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On the whole, what was demanded on this subject was not

any clearer moral teaching, but rather a stronger enforcement of the condemnation long since passed upon infanticide, and an increased protection for exposed infants.

By the penitential sentences, by the dogmatic considerations I have enumerated, and by the earnest exhortations both of her preachers and writers, the Church laboured to deepen the sense of the enormity of the act, and especially to convince men that the guilt of abandoning their children to the precarious and doubtful mercy of the stranger was scarcely less than that of simple infanticide. In the civil law her influence was also displayed, though not, I think, very advantageously. By the counsel, it is said, of Lactantius, Constantine, in the very year of his conversion, in order to diminish infanticide by destitute parents, issued a decree, applicable in the first instance to Italy, but extended in A.D. 322 to Africa, in which he commanded that those children whom their parents were unable to support should be clothed. and fed at the expense of the State, 2 a policy which had already been pursued on a large scale under the Antonines. In A.D. 331, a law intended to multiply the chances of the exposed child being taken charge of by some charitable or interested person, provided that the foundling should remain the absolute property of its saviour, whether he adopted it as a son

fates of exposed infants is noticed extremely horrible declamation in. by several writers. Some, too, Seneca the Rhetorician (Controvers. both Pagan and Christian (Quin- lib. v. 33) about exposed children tilian, Decl. cccvi.; Lactantius, Div. who were said to have been maimed Inst. vi. 20, &c.), speak of the lia- and mutilated, either to prevent bility to incestuous marriages re- their recognition by their parents, sulting from frequent exposition. or that they might gain money as In the Greek poets there are beggars for their masters. several allusions to rich childless See passages on this point men adopting foundlings, and Ju- cited by Godefroy in his Commenvenal says it was common for tary to the Law De Expositis,' Codex Roman wives to palm off found. Theod. lib. v. tit. 7. lings on their husbands for their 2 Codex Theod. lib. xi. tit. sons. (Sat. vi. 603.) There is an 27.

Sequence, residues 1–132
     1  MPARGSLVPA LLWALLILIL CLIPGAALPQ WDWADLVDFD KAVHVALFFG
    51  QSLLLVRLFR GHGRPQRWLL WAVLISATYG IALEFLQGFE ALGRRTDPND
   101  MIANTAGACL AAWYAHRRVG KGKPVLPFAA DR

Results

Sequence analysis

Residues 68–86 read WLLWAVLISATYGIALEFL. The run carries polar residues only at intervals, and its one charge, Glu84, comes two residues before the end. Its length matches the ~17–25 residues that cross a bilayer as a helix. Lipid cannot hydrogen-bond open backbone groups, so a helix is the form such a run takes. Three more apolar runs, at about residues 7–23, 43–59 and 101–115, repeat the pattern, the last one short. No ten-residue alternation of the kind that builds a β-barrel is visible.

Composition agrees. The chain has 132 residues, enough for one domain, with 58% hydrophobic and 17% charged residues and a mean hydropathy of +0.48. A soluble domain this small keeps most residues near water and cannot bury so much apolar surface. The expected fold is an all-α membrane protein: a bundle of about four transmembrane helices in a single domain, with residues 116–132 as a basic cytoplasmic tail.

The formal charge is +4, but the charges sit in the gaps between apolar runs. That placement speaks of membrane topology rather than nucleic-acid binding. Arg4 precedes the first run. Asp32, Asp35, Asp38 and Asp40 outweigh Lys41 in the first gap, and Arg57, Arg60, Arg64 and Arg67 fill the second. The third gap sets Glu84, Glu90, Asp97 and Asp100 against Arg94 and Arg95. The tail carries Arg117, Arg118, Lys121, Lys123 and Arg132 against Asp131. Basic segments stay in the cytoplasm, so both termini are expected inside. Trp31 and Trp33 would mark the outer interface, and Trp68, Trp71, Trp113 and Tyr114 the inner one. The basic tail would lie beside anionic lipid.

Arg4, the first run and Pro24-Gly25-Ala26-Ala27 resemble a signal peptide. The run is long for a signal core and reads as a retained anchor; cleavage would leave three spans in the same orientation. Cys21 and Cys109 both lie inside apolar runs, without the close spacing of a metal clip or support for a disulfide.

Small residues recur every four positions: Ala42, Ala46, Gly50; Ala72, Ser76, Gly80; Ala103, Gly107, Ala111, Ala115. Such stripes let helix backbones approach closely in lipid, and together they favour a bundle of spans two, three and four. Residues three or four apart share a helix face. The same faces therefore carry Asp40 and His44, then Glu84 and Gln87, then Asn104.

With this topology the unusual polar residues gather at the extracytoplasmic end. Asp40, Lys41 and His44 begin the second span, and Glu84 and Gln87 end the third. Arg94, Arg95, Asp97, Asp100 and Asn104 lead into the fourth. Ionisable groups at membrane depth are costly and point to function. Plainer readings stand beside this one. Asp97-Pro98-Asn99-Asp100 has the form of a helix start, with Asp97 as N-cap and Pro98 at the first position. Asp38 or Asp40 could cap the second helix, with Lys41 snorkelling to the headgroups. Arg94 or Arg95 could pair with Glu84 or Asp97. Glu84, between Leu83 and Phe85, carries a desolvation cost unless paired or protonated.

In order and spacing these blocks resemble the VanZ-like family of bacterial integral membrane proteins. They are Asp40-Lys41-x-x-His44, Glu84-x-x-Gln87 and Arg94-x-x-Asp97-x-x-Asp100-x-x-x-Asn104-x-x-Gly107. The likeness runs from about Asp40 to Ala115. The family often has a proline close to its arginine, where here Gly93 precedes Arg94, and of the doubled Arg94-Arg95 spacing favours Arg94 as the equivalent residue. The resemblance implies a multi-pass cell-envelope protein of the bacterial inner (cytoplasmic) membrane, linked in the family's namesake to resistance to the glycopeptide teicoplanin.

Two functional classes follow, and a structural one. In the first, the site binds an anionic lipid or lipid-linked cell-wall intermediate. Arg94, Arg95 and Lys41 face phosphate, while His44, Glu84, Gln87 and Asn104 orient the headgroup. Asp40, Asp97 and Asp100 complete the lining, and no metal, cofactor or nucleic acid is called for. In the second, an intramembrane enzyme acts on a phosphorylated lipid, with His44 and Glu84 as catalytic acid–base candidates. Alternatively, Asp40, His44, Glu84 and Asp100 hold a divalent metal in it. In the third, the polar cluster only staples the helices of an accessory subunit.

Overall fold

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or employed it as a slave, and that the parent should not have power at any future time to reclaim it.1 By another law, which had been issued in A.D. 329, it had been provided that children who had been, not exposed, but sold, might be reclaimed upon payment by the father.2

The last two laws cannot be regarded with unmingled satisfaction. The law regulating the condition of exposed children, though undoubtedly enacted with the most benevolent intentions, was in some degree a retrograde step, the Pagan laws having provided that the father might always withdraw the child he had exposed, from servitude, by payment of the expenses incurred in supporting it, while Trajan had even decided that the exposed child could not become under any circumstance a slave. The law of Constantine, on the other hand, doomed it to an irrevocable servitude; and this law continued in force till A.D. 529, when Justinian, reverting to the principle of Trajan, decreed that not only the father lost all legitimate authority over his child by exposing it, but also that the person who had saved it could not by that act deprive it of its natural liberty. But this law applied only to the Eastern Empire; and in part at least of the West 5 the servitude of exposed infants continued for centuries, and appears only to have terminated with the general extinction of slavery in Europe. The law of Constantine concerning the sale of children was also a step, though perhaps a necessary step, of retrogression.